Surveillance: Clinical assessment of growth, feeding, nutrition, spine, and ocular issues at each visit throughout childhood. Annual ophthalmology examination; annual evaluation with endocrinologist including TSH, free T4, 25-hydroxy vitamin D, two-hour glucose tolerance testing, and insulin levels; assessment of pubertal stage and hormone levels at puberty and every two years until puberty is complete; follow up hearing evaluation if exposed to ototoxic drugs; annual developmental assessment; blood counts every three to four months or as needed; bone marrow aspirate and biopsy to evaluate morphology and cellularity, FISH and cytogenetics to evaluate for emergence of a malignant clone at least annually after age two years; liver function tests every three to six months and liver ultrasound examination every six to twelve months in those receiving androgen therapy; gynecologic assessment for genital lesions annually beginning at age 13 years; vulvo-vaginal examinations and Pap smear annually beginning at age 18 years; oral examinations for tumors every six months beginning at age nine to ten years; annual nasolaryngoscopy beginning at age ten years; dermatology evaluation every six to 12 months; annual abdominal ultrasound and brain MRI in those with BRCA2-related FA. Additional cancer surveillance for individuals with BRCA1-, BRCA2-, PALB2-, BRIP1-, and RAD51C-related FA.
Agents/circumstances to avoid: Transfusions of red cells or platelets for persons who are candidates for HSCT; family members as blood donors if HSCT is being considered; blood products that are not filtered (leukodepleted) or irradiated; toxic agents that have been implicated in tumorigenesis; unsafe sex practices, which increase the risk of HPV-associated malignancy; excessive sun exposure. Radiographic studies solely for the purpose of surveillance (i.e., in the absence of clinical indications) should be minimized.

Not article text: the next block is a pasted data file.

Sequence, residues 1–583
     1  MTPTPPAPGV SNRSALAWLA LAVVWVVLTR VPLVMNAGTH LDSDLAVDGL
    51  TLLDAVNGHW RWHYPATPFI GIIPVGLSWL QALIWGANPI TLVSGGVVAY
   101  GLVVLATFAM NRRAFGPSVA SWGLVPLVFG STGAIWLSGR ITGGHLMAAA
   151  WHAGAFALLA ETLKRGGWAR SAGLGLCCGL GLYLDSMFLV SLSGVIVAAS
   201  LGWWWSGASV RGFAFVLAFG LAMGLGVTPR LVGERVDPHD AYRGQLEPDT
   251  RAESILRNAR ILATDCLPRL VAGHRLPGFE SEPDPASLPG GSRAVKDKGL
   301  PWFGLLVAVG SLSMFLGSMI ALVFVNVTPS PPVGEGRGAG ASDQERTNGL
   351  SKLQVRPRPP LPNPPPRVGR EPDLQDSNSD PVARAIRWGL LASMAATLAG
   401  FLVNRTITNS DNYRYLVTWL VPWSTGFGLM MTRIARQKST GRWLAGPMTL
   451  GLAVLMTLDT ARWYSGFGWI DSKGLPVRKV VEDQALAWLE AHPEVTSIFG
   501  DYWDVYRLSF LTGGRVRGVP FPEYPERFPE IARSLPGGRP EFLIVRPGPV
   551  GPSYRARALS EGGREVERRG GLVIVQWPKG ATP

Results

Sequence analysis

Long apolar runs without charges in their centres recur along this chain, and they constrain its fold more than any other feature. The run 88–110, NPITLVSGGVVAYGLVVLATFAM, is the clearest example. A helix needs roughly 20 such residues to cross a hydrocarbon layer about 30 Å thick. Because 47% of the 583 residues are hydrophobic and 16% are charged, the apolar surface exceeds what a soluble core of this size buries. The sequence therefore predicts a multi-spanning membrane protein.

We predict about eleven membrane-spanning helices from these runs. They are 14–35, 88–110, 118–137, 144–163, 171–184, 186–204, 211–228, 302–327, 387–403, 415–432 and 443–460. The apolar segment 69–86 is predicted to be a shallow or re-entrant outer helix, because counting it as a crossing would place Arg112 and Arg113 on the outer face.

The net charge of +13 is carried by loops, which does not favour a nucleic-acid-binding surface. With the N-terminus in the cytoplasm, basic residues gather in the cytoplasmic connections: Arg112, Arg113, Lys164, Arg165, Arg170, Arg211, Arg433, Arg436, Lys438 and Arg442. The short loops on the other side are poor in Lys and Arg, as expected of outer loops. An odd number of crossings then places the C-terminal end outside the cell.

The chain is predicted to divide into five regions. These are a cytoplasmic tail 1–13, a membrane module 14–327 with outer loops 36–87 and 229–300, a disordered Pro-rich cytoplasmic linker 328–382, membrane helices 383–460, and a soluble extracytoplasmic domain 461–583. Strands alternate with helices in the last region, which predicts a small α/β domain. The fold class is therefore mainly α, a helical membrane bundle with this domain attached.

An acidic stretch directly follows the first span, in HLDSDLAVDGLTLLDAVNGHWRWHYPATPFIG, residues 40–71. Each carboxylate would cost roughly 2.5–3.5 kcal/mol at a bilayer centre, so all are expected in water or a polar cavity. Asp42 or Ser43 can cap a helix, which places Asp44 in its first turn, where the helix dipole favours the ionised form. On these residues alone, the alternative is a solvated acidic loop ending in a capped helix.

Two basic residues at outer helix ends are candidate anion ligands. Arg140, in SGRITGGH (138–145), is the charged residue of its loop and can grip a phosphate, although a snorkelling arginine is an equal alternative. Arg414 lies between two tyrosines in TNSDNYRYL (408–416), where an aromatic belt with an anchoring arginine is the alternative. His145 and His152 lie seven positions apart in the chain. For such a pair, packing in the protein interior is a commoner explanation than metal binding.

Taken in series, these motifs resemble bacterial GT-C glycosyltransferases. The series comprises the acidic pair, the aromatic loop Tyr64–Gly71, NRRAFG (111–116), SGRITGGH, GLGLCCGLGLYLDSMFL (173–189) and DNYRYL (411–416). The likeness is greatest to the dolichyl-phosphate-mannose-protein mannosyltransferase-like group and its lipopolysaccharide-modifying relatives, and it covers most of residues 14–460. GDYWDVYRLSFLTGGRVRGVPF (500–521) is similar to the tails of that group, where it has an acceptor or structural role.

Evaluation of relatives at risk: DEB/MMC testing or molecular genetic testing (if the family-specific pathogenic variants are known) of all sibs of a proband for early diagnosis, treatment, and monitoring for physical abnormalities, bone marrow failure, and related cancers.
Genetic counseling: Fanconi anemia (FA) can be inherited in an autosomal recessive manner, an autosomal dominant manner (RAD51-related FA), or an X-linked manner (FANCB-related FA).
Autosomal recessive FA: Each sib of an affected individual has a 25% chance of inheriting both pathogenic variants and being affected, a 50% chance of inheriting one pathogenic variant and being a heterozygote, and a 25% chance of inheriting neither of the familial FA-related pathogenic variants. Heterozygotes are not at risk for autosomal recessive FA. However, heterozygous mutation of a subset of FA-related genes (e.g., BRCA1, BRCA2, PALB2, BRIP1, and RAD51C) is associated with an increased risk for breast and other cancers.
Autosomal dominant FA: Given that all affected individuals with RAD51-related FA reported to date have the disorder as a result of a de novo RAD51 pathogenic variant, the risk to other family members is presumed to be low.
X-linked FA: For carrier females the chance of transmitting the pathogenic variant in each pregnancy is 50%; males who inherit the pathogenic variant will be affected; females who inherit the pathogenic variant will be carriers and will usually not be affected.
Carrier testing for at-risk relatives (for autosomal recessive and X-linked FA) and prenatal and preimplantation genetic testing are possible if the pathogenic variant(s) in the family are known.
Copyright © 1993-2024, University of Washington, Seattle. GeneReviews is a registered trademark of the University of Washington, Seattle. All rights reserved.